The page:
Gottschalk

Was there concern about the hibernation? Some people argued that this left the way for the Harry and Louise ads and the HIAA [Health Insurance Association of America] to get mobilized, and other strong opponents to get mobilized during that period while you were hibernating, and to set the agenda and the tone that then you had to react to once you got out of hibernation. 

Jennings

That’s a very good point. Many people feel that the length of time that we tried to prolong the debate around health care really undermined the ability to pass it anyway, because it is so hard to sustain interest and presidential investment in an issue for so long. I think that was one of the reasons why Senator Mitchell felt it was so important to move up front in the process. He questioned not just whether you could get the votes, but maintain interest and momentum for the legislation.

Having said this, I can’t remember when Harry and Louise started, but I don’t think that started until late in ’93.

Gottschalk

I think it was right at the same time when Clinton made his September ’93 speech.

Jennings

You should look at it, but it wasn’t in the summer months. There were discussions and attempts to reach out to the insurance industry. Both sides feel that both sides didn’t do a very good job of that. Bill Gradison, who is a former House member from Ohio, whom I respect a great deal, was the president of HIAA and he was hard to reach. He was going through personal problems, but he thinks that we didn’t reach out to him. It seems like two ships passing in the night, because I think he personally has a regret that there wasn’t a way to find something to get done. But they made a very active decision to go negative and initiated the misleading but effective Harry and Louise ads. Then a lot of people criticized us subsequently for being openly critical of them because it tended to give free advertising to the Harry and Louise ads beyond what the investment was. So there are lots of different angles there.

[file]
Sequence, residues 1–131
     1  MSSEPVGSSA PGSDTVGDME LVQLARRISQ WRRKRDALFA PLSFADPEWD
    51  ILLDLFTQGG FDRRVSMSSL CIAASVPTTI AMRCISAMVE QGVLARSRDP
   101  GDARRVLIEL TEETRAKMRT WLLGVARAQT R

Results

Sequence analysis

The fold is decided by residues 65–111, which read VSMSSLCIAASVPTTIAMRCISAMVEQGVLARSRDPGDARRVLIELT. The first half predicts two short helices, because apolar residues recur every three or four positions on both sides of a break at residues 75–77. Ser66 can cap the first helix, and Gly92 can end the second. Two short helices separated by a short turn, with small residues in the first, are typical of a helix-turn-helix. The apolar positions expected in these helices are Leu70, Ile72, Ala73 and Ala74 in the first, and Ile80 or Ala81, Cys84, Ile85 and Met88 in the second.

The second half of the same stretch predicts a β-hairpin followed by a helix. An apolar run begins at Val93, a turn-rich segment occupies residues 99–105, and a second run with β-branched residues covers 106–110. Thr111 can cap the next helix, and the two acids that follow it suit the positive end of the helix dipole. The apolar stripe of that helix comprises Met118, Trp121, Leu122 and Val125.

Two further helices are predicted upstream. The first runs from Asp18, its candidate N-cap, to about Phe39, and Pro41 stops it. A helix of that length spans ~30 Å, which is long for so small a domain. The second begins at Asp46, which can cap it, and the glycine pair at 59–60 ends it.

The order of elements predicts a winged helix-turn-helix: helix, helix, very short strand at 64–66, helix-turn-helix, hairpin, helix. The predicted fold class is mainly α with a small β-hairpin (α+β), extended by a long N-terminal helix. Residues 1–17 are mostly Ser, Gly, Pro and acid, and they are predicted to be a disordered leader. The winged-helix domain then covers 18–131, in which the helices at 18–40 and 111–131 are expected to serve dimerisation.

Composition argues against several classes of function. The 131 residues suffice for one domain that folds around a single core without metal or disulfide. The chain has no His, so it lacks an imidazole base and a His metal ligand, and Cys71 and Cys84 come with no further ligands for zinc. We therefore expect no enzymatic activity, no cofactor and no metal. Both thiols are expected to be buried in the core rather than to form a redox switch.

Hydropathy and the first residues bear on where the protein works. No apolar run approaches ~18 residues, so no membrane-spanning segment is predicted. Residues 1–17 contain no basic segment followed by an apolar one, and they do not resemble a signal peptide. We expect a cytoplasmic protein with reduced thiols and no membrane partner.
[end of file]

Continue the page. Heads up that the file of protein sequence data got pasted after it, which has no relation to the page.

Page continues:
Riley

I’m going to dial you back to another important aspect of the early part of this, the court case that was filed on this question of openness, which in retrospect is a sort of harbinger for what happens in the administration thereafter. So many things get tied up with legal battles and so forth. Were you paying much attention to that? Were you personally paying much attention to what was going on with that at the time, or is that pretty much being farmed out to the counsel’s office?

Jennings

It was pretty much farmed out. It was viewed as this right-wing fanatical group, which it was. The only feeling people had about it was resentment that it helped create this secrecy perception that you always had to deal with wherever you went. It took an enormous amount of time, Ira’s time—I wish people really understood the degree to which the modern Presidency, at least in the Clinton administration, had to deal with silly subpoenas and requests for information that affected not just the immediate people but everyone around them. Those subpoenas went out, they went to everyone in the White House. Have you ever seen, heard, talked, thought about anything: please produce every piece of paper ever known to man, all of it totally irrelevant to anything as it relates to policy or even the alleged reason for the investigation. 

Not only did it create distraction and reduce time that could be dedicated to more constructive things, I think it also led to much less paper trails on everything that ever was subsequently produced at the White House. I think it’s just a huge waste. There’s a lot of bitterness in the White House about that and I think understandably so. More important than that is the impact it has on the deliberative process and the ability to govern. Having said that, for me, I didn’t spend a lot of time on it. I never really took it very seriously because I thought it was such a silly thing, so I didn’t really even worry about it, other than, as I say, the public perception issue.

Young

You had said earlier that you were going to get into the drafting—

Jennings

Yes, that’s Jeanne’s thing.

Lambrew

I know, I just asked about it.

Young

Both of you did. Things that came up during the drafting and you said you would want to get into the drafting, maybe we can get right in.

Jennings

That’s important because there was a lot of pressure after the summer to get the bill introduced. There were concerns about how the Congressional Budget Office would score it and whether they would count it as a large new federal tax or not, which they subsequently did, even though it was designed to be just a private premium-based funding mechanism. The whole design of it was to avoid that criticism, everyone thinking it was going to be the end of health care as we know it if CBO did that. It turned out that wasn’t the case, but that was the great fear at the time.